Johnson & Johnson’s Talk Bankruptcy Plan Approved – | Vette Leader

Legislation & Litigation

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Much to the chagrin of plaintiffs’ attorneys across the country, a federal judge in New Jersey approved Johnson & Johnson to move forward with its controversial bankruptcy plan, which includes thousands of talk-related lawsuits.

This strategy will allow Johnson & Johnson to separate its assets from its liabilities and file more than 38,000 claims against a startup company called LTL Management LLC, which has filed for Chapter 11 bankruptcy protection.

The lawsuits center on asbestos-contaminated talc and also include mesothelioma cancer lawsuits. Most are ovarian cancer.

United States Bankruptcy Judge Michael B. Kaplan approved the plan on February 25, dismissing an appeal by a panel of personal injury attorneys who had asked the court to deny the J&J subsidiary’s filing.

“We disagree with the court’s decisions,” said a spokesman for the Mesothelioma Claimants Committee, which was part of the argument against New Jersey’s bankruptcy filing. “We remain concerned that victims were forced into bankruptcy while J&J was prevented from assuring their independent and separate liability for talc products.”

Johnson & Johnson will save billions

Kaplan dismissed the plaintiffs’ argument, allowing J&J to avoid a much more costly and lengthy route of litigating individual claims. He said bankruptcy offered a quicker and fairer alternative.

“This Chapter 11 is used not to avoid liability but to provide accountability and certainty,” Kaplan wrote. “There is nothing to worry about in tort trials migrating out of the tort system and into the bankruptcy system.”

Johnson & Johnson officials testified in court that they first seriously considered this bankruptcy strategy in June 2021, after the US Supreme Court refused to grant a $2.1 billion judgment in Missouri for 20 women who claimed their ovarian cancer was caused by J&J talc products.

Johnson & Johnson is one of the richest companies in America with a market share of over 450 billion US dollars. Jury verdicts and settlements have already cost J&J an estimated $4.5 billion, but the first bankruptcy filing in October halted Talk lawsuits in federal and state courts.

For comparison, newly formed subsidiary LTL Management LLC is valued at $10 billion, along with $10 billion in liabilities, according to court documents.

Johnson & Johnson aims to save billions of dollars over the long term. The stock ended Friday — the day Kaplan announced his decision — up 5%, its biggest one-day gain since spring 2020.

“I am surprised and disappointed that Judge Kaplan is allowing her bankruptcy to proceed,” Daniel Wasserberg, a New York City attorney who specializes in talc litigation, told the Mesothelioma Center on “If one of the richest companies in the world is allowed to discharge its liabilities by dumping them in a court-sanctioned dumpster, there can be no justice for the people they killed or their loved ones.”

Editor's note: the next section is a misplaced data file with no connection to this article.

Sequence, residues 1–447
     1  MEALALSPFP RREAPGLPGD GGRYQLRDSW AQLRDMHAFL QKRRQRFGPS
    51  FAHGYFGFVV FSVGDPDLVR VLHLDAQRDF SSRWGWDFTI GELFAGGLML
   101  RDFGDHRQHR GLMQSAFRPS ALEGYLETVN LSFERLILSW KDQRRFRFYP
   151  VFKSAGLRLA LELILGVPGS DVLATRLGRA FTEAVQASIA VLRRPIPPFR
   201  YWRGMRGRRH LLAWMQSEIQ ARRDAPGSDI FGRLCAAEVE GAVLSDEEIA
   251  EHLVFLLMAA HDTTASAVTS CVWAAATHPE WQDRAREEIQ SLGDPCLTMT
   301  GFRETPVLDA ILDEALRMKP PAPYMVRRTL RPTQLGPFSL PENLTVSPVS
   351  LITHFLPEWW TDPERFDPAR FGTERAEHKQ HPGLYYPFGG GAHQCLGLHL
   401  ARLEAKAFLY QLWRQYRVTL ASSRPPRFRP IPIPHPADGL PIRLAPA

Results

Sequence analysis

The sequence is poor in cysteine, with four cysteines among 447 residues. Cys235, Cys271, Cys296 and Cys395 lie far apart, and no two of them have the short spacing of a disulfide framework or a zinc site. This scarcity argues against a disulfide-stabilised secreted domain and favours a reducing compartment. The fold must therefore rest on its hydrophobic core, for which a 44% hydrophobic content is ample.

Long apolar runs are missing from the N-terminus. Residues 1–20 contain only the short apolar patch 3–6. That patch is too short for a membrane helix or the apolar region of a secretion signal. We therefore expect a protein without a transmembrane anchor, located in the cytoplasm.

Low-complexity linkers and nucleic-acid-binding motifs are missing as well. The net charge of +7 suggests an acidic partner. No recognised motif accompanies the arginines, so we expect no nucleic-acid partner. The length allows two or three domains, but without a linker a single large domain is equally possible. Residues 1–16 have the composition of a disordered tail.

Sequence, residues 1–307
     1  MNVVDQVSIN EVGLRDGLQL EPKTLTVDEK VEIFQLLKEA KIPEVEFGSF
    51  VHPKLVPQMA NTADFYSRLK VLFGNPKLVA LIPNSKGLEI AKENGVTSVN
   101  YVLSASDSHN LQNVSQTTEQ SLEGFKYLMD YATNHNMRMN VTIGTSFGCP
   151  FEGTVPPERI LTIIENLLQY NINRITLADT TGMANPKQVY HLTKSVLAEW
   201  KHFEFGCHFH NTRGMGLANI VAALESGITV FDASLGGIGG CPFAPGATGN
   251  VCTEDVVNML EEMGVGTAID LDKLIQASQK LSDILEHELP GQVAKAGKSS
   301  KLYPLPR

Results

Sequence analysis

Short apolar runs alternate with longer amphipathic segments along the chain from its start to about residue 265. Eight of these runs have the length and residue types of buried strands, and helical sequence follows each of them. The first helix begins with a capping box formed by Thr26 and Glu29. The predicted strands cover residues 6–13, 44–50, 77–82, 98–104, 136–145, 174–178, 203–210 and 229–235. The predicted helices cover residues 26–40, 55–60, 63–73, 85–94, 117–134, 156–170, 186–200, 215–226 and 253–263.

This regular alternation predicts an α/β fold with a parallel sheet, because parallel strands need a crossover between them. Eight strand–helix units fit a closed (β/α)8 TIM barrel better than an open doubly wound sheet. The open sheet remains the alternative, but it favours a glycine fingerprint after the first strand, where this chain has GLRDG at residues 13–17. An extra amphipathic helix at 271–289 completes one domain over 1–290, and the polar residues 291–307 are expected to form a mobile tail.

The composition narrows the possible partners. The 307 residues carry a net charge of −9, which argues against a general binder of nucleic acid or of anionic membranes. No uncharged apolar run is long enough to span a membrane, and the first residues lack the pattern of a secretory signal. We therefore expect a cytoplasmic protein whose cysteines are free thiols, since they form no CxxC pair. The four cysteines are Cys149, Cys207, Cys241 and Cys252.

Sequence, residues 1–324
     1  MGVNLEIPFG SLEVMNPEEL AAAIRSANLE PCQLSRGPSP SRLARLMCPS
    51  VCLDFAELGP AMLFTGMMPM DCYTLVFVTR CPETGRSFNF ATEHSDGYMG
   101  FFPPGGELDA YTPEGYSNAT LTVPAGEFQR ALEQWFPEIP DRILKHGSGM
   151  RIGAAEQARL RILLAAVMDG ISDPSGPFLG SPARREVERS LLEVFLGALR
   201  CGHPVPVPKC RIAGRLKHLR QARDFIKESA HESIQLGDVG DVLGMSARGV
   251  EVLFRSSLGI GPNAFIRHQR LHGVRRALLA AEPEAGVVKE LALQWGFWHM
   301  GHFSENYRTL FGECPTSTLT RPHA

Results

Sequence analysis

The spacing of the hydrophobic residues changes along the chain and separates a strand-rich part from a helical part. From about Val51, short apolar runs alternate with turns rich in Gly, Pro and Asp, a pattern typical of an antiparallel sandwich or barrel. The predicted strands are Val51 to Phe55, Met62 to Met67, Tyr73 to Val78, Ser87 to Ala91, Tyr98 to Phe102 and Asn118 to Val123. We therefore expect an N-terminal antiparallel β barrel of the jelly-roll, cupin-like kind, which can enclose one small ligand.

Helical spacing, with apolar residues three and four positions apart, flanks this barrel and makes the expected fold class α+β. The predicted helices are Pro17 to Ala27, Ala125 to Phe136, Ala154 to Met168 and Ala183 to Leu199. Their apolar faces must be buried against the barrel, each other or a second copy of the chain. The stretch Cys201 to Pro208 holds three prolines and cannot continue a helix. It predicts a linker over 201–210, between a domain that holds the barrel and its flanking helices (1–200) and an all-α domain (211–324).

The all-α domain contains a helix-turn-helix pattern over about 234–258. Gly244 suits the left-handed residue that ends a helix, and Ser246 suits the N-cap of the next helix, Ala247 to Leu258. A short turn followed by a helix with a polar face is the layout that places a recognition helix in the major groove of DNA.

The recent court ruling was unexpected

Kaplan’s ruling was somewhat surprising given his position as the US bankruptcy judge for the District of New Jersey.

The hearing was originally scheduled for North Carolina, a jurisdiction deemed more conducive to this bankruptcy strategy, which is why LTL Management opened there. However, a federal judge said he was “obligated” to have the case heard in New Jersey, where J&J is headquartered. It’s a district considered less favorable for bankruptcy filings after previous cases.

When the move was announced, attorneys across the country with cases against J&J welcomed the move to New Jersey and expected the bankruptcy protection filing to be denied.

Bankruptcy strategy could be blueprint for other companies

J&J has continued to insist its talc products are safe, but has stopped selling many of them in the US and Canada amid rising infringement lawsuits. J&J attributed the disruption to misinformation.

Details of the bankruptcy filing are still being negotiated. Johnson & Johnson said it has set aside $2 billion to settle talc claims, but that number could change significantly in the coming weeks.

The bankruptcy filing is expected to pressure filers to accept lower settlements than before and avoid excessive payouts.

“It’s very disappointing when huge companies with massive profits can abuse the bankruptcy system to avoid liability for the harm caused to Americans by dangerous products like asbestos,” said Attorney Joe Lahav, local counsel at the Mesothelioma Center. “All this latest decision does is keep corporate fat cats even more money in their pockets and out of the hands of the innocent people they’ve harmed.”

Lawyers are now concerned that this latest ruling could become a blueprint for profitable companies to benefit from Chapter 11 in the future and protect valuable corporate assets.

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